Sat Spectac 04/12/21

fudge, softboys, dashboards

Sat Spectac 04/12/21

Hi folks,

Did my first and hopefully only round of Christmas shopping today. We live a few minutes' walk from North Laine, home of many of Brighton's cool small businesses, and the place was absolutely heaving. I am glad that almost all my presents for friends and family are bags of homemade vegan fudge becuase I would not want to do that again!

This week I wrote about

and there was a new episode of my podcast Memetic Hazard where, amongst other things, we talk about some experiences we had that helped us understand ourselves better.

This week I've been thinking about:

  • NFTs—in the colloquial "art on the internet" sense, not in the sense of a unique token—play on people's acquisitiveness. The bit of people that just wants to have stuff whether or not it's of any value or makes any sense for them to want it. It's just a way to harness the desire to Have and Own in a new form. The want might be authentic but I feel as though it's not based in anything really beyond that desire to acquire, which can be triggered by any number of useless things. Not to get all Only 90s Kids Will Remember This but Pokemon cards (or the brief craze for Pokemon magnets that went through my school—not sure if that was a thing for anyone else?) are the obvious comparator.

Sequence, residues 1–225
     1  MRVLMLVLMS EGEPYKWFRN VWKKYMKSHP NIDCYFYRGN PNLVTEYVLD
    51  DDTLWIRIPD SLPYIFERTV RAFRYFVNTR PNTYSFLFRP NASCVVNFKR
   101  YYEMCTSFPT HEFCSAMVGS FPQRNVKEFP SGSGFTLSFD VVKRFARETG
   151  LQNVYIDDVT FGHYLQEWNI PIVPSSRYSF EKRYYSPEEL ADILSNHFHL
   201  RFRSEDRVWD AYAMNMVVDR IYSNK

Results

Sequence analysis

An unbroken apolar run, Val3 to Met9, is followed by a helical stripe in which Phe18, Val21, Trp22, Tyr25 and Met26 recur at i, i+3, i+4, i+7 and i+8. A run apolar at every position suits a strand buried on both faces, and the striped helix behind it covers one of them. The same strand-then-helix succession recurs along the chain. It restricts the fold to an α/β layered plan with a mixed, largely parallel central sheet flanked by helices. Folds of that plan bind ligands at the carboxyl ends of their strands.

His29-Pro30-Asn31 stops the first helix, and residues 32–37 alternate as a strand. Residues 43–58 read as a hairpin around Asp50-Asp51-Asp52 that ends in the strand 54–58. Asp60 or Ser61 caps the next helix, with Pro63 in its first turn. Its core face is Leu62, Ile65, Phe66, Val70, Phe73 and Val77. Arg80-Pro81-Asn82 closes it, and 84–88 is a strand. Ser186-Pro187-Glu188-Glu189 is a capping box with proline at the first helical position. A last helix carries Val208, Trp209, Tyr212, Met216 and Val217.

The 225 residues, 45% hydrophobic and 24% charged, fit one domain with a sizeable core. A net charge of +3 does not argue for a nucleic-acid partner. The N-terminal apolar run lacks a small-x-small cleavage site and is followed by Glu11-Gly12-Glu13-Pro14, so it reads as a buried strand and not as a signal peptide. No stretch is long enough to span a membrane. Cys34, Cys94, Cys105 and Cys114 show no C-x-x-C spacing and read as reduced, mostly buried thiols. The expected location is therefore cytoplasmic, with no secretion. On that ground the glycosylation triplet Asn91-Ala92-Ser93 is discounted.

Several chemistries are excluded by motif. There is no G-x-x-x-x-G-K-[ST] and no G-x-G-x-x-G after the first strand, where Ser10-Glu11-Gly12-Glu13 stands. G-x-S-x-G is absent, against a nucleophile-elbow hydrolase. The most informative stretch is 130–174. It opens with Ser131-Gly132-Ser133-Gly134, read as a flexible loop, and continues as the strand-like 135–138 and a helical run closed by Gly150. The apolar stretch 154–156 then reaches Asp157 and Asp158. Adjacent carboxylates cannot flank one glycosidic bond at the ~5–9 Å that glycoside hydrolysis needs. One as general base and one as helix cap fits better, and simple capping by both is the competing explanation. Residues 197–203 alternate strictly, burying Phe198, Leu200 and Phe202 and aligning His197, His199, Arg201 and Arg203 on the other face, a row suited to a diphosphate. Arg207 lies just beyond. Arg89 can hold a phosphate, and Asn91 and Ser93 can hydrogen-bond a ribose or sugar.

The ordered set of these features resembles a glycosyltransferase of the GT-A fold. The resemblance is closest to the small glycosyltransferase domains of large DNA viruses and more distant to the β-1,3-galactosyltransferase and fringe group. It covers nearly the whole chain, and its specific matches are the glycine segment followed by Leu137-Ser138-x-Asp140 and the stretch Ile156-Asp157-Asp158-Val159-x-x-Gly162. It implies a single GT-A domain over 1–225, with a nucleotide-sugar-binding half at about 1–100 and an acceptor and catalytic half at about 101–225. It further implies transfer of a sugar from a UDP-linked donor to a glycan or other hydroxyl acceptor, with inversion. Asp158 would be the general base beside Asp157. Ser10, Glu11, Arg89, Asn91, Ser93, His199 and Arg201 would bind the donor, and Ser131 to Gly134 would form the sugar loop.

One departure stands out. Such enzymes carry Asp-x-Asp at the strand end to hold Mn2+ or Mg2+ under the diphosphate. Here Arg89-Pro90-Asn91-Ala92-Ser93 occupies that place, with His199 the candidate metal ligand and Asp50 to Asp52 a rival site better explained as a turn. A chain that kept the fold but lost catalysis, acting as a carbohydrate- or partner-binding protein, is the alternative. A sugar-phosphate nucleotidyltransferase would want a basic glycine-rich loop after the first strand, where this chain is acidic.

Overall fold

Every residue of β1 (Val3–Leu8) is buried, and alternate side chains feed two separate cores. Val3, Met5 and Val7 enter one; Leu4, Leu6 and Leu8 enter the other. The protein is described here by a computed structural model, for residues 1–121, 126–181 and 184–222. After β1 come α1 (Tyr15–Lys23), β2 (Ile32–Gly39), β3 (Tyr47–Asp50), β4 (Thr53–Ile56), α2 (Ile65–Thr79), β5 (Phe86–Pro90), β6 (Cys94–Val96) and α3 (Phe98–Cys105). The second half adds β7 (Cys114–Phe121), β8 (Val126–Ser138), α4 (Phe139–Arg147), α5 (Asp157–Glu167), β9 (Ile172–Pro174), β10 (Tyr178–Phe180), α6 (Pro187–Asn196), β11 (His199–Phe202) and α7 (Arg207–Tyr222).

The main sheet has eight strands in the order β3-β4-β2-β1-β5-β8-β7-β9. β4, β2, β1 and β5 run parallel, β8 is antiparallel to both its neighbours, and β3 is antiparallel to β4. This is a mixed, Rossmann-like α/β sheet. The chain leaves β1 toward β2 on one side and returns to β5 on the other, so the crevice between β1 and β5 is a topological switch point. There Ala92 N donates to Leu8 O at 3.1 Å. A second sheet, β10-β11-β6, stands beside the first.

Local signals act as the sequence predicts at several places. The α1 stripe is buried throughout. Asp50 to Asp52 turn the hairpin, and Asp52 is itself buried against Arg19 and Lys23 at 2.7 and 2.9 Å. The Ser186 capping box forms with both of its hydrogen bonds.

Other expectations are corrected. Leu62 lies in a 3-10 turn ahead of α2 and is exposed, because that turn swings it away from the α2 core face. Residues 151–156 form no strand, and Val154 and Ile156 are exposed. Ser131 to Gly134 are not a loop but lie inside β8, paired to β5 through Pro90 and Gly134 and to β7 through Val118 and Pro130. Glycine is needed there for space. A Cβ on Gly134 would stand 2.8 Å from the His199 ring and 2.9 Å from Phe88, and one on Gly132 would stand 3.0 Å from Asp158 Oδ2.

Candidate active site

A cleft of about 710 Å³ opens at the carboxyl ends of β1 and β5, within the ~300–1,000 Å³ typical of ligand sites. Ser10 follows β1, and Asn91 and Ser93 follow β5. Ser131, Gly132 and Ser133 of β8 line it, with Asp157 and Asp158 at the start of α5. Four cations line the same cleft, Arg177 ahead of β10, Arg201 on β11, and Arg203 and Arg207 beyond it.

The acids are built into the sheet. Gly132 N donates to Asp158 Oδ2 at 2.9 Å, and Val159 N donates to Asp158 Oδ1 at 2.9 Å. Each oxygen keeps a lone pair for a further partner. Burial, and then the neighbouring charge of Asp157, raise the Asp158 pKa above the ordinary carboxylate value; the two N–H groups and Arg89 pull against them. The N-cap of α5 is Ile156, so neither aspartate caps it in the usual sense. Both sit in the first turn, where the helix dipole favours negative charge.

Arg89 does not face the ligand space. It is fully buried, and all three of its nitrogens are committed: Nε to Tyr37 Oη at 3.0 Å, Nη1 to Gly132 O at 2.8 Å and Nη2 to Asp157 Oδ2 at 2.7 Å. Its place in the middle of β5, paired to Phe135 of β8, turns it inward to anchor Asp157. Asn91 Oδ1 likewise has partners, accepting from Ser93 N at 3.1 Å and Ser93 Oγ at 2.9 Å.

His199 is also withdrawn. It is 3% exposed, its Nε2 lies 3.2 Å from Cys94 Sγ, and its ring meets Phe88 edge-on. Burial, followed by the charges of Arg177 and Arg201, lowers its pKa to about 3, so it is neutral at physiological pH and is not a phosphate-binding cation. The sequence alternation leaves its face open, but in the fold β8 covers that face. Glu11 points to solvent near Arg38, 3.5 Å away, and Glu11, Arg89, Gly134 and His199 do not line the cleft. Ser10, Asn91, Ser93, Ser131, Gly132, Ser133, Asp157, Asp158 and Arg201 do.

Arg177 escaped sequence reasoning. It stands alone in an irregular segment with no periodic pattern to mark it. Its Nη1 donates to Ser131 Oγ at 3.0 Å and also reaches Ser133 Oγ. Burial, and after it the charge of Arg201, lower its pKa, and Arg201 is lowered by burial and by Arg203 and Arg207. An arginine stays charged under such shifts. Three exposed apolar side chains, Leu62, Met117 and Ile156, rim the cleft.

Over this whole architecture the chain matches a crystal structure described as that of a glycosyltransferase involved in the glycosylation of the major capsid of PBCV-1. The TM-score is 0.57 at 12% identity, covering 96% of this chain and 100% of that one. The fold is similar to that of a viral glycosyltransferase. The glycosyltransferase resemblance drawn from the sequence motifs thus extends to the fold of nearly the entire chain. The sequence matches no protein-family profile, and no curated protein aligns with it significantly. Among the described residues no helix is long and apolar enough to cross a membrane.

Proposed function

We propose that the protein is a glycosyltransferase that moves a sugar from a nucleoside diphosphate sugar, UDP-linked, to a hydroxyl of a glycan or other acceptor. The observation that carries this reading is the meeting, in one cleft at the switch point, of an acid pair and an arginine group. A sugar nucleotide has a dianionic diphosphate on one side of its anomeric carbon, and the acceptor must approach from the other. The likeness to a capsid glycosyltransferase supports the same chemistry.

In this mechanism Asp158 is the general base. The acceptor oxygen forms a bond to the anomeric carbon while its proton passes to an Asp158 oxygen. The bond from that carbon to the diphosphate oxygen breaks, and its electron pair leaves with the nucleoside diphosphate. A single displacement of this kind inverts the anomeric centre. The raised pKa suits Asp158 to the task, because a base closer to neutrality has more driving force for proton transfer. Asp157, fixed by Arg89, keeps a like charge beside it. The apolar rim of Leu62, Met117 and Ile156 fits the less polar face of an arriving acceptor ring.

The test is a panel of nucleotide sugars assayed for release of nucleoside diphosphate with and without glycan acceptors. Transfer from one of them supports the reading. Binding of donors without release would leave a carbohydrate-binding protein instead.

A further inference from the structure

• A while ago I spent an exhausted evening reading through beam_me_up_softboi, an instagram account dedicated to inept attempts to attract women by talking about Tame Impala and also somehow some text messages I sent to my girlfriend (don’t know how they got there). The chief thing that comes through to me reading the posts (other than the constant attempts at boundary-pushing and negotiation despite it being completely clear it's going nowhere) is the desire of the soft boys for pity, to the extent that a lot of them seem to see that as the only attention that it's possible for them to get, which, ironically, is a different sort of pitiable. They're not the best ones, though: the best ones are the ones who try to flirt by talking about cryptocurrency.

This week I've been reading:

In 1997, Vice took on a new editor: Robbie Dillon, a bank robber and loan shark who had just been released from Bordeaux Prison for drug trafficking. He was enrolled in journalism night classes, where he wrote an article called “How to Survive in Prison,” which got him the editor gig. Even Dillon was taken aback by Vice’s journalistic standards,

Stay safe, everyone!

Over and out.